Cellular function depends on highly specific interactions between biomolecules (proteins, RNA, DNA, and carbohydrates). Alpha-helices, ubiquitous elements of protein structures, play fundamental roles in many of these interactions. Alpha-helix mimetics that can predictably disrupt these interactions would be invaluable as tools in molecular biology, and as leads in drug development. We have succeeded in creating a general approach for the synthesis of short stable alpha helices that can target chosen biomolecular interactions. Our strategy involves replacement of one of the main chain hydrogen bonds in the target alpha-helix with a covalent bond. The internal placement of the crosslink makes it possible to take advantage of the full helix functionality for molecular recognition. We have demonstrated that this new method results in unusually stable artificial alpha-helices. In this application, we explore the utility of these artificial helices for targeting complex signaling networks. With regards to specific aims, (1) We will create a conformationally and metabolically robust family of HBS helices. (2) We will construct a database of experimentally determined structures of helix-mediated protein-protein interactions and determine hot-spot residues in the helical protein interfaces. (3) We will develop structure-based ligands to help decode the GTPase signaling networks, and evaluate a new paradigm for discovery of specific inhibitors of protein kinase activity. Combined these three aims will offer rationally designed inhibitors of protein- protein interactions, and validate our design principles that are rooted in the fundamental theories of biophysics and physical organic chemistry.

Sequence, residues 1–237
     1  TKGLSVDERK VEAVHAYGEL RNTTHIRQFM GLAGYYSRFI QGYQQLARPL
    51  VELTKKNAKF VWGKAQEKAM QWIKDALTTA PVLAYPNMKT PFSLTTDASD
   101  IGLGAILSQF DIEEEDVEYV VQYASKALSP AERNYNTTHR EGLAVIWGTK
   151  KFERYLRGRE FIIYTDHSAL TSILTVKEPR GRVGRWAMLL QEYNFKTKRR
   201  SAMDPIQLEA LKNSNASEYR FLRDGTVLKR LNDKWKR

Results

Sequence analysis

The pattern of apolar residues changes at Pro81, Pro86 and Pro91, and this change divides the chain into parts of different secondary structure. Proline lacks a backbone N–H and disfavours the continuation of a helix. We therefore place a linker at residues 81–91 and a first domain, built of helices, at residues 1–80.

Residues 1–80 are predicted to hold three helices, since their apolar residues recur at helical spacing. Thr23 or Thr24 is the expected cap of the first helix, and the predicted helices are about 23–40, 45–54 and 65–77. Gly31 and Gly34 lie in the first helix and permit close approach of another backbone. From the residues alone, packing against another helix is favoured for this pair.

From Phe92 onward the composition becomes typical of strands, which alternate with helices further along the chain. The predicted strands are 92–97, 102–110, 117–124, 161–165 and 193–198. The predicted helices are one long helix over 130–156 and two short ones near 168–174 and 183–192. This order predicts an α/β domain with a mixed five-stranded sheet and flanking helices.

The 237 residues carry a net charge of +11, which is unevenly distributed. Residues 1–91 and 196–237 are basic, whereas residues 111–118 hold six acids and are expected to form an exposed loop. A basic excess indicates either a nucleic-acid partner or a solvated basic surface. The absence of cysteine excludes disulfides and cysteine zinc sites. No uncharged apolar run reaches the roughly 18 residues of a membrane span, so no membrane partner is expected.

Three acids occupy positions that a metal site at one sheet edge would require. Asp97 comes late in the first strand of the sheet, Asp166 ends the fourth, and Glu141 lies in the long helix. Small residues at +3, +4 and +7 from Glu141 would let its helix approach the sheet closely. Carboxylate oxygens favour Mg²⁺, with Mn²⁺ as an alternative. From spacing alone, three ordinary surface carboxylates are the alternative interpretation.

Public Health Relevance

Selective modulation of protein-protein interactions is a grand challenge for chemists and biologists. The ability to systematically modulate protein-protein interactions would greatly facilitate the discovery of candidate therapeutic agents for a broad range of diseases. The proposed research offers a synthetic method for developing artificial alpha-helical ligands for targeting chosen protein interfaces.

National Institute of Health (NIH)
National Institute of General Medical Sciences (NIGMS)
Research Project (R01)
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Special Emphasis Panel (ZRG1-BCMB-B (03))
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Fabian, Miles
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New York University
Schools of Arts and Sciences
New York
United States
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Joy, Stephen T; Arora, Paramjit S (2016) An optimal hydrogen-bond surrogate for α-helices. Chem Commun (Camb) 52:5738-41
Modell, Ashley E; Blosser, Sarah L; Arora, Paramjit S (2016) Systematic Targeting of Protein-Protein Interactions. Trends Pharmacol Sci 37:702-13
Watkins, Andrew M; Bonneau, Richard; Arora, Paramjit S (2016) Side-Chain Conformational Preferences Govern Protein-Protein Interactions. J Am Chem Soc 138:10386-9
Rooklin, David; Wang, Cheng; Katigbak, Joseph et al. (2015) AlphaSpace: Fragment-Centric Topographical Mapping To Target Protein-Protein Interaction Interfaces. J Chem Inf Model 55:1585-99
Wuo, Michael G; Mahon, Andrew B; Arora, Paramjit S (2015) An Effective Strategy for Stabilizing Minimal Coiled Coil Mimetics. J Am Chem Soc 137:11618-21
Watkins, Andrew M; Arora, Paramjit S (2015) Structure-based inhibition of protein-protein interactions. Eur J Med Chem 94:480-8
Watkins, Andrew M; Wuo, Michael G; Arora, Paramjit S (2015) Protein-Protein Interactions Mediated by Helical Tertiary Structure Motifs. J Am Chem Soc 137:11622-30
Miller, Stephen E; Thomson, Paul F; Arora, Paramjit S (2014) Synthesis of hydrogen-bond surrogate α-helices as inhibitors of protein-protein interactions. Curr Protoc Chem Biol 6:101-16
Watkins, Andrew M; Arora, Paramjit S (2014) Anatomy of β-strands at protein-protein interfaces. ACS Chem Biol 9:1747-54
Xie, X; Piao, L; Bullock, B N et al. (2014) Targeting HPV16 E6-p300 interaction reactivates p53 and inhibits the tumorigenicity of HPV-positive head and neck squamous cell carcinoma. Oncogene 33:1037-46

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